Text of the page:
Since we launched Add1Challenge #4 (#A1C4), we have been getting a lot of feedback.
If you are a skeptic, don’t know what the #Add1Challenge is, or if you think it is a great idea but don’t know if it’s worth the money.
This post is written for you.
Before I tell you how I screwed up, let me tell you a little bit of background and what the Add1Challenge is about.
The Add1Challenge is a community where we all learn a language together.
When a community of language learners are all in action and striving for the same goal of holding a 15 min conversation with a native speaker on day 91, a huge amount of inspiration and motivation transpires.
This empowers language learners in the Add1Challenge community to stay on track and keep each other accountable to meet their language learning goals while having a blast learning our target languages together.
This is why the Add1Challenge works. (You will see plenty of evidence soon)
So far, we have completed Add1Challenges #1 & #2.
#A1C3 is still on-going (we are on about day 60) and #A1C4 is open for application as I write this.
We had 116 people in #A1C1 and 129 people #A1C2.
It was a huge amount of work, as I went through every application video manually (and each video is at least 3 mins long – do the math!), answering language learning questions and providing support, organizing Google hangouts so people can ask hyperpolyglots questions directly, improving on how to run the Add1Challenge so it’s more effective in keeping people motivated, and the list goes on.
I didn’t charge a dime for #A1C1 and #A1C2. It was completely free.
And then I realized two things.
1. I am scared shitless to ask people for money but I can’t work for free anymore.
2. Only about 20% of Add1Challengers produced breakthrough results. (Meaning that they didn’t go way beyond their expectations, because they didn’t put in the time to learn).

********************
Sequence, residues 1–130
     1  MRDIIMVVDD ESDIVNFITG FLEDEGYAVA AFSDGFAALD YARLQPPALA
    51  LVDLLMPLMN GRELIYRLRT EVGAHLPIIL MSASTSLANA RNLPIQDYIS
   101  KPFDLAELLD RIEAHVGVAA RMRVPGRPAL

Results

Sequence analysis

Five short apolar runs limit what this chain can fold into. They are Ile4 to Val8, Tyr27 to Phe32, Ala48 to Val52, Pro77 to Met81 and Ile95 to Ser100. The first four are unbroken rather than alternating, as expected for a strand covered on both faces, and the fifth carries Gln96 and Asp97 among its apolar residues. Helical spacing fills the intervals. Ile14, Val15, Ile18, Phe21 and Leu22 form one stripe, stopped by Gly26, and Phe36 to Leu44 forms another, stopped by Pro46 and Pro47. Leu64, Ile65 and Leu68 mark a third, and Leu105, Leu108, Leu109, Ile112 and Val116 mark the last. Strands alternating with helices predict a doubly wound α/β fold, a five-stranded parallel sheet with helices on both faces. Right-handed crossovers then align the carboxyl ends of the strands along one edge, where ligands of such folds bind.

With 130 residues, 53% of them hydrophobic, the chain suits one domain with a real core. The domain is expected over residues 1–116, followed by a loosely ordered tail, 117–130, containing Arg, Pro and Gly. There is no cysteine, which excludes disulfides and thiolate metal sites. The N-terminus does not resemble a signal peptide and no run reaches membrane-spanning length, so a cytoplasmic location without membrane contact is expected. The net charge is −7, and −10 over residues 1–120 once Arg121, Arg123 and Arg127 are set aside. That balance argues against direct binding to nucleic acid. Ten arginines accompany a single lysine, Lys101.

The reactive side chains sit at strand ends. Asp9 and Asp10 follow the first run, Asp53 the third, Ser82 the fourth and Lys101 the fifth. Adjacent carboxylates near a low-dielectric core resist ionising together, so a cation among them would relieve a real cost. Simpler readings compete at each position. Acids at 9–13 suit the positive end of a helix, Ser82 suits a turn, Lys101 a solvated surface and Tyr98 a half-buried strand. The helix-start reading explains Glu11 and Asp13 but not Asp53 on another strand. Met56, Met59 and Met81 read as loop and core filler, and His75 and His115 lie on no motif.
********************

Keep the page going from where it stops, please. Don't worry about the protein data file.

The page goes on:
I am scared to ask people for money because I am afraid to fail. What if no one signs up? What does that mean about me, about what I created and what I worked so hard for?
And according to the 80/20 rule, 20% of people producing breakthrough results makes perfect sense.
But I asked myself, how can I focus and spend all my time and energy to serve that 20% of people who are actually serious about learning a language and filter out the people who are just messing around?
So I decided to charge a fee for the Add1Challenge #3.
At the time, I was in Fukuoka during my bicycle tour in Japan. I grew some balls, wrote a sales page, and sent it out ONLY to my email list.
This offer was only sent to my email list because I didn’t know if people would be willing to pay for the Add1Challenge or how much would be the right amount to cover my time and make sure all the applicants took the challenge seriously.
At the same time, I added new elements to the #A1C3 with “Add1Challenge Buddy” and “Study group” (more work for me but it makes a huge difference) so I limited sign ups to only 30 people.
41 people paid for the Add1Challenge after the registration closed a week later (yay!) and 29 people started the #A1C3 together.
(I declined some applications and gave those people their money back. Some people I never heard from again after they paid. I have no idea why.)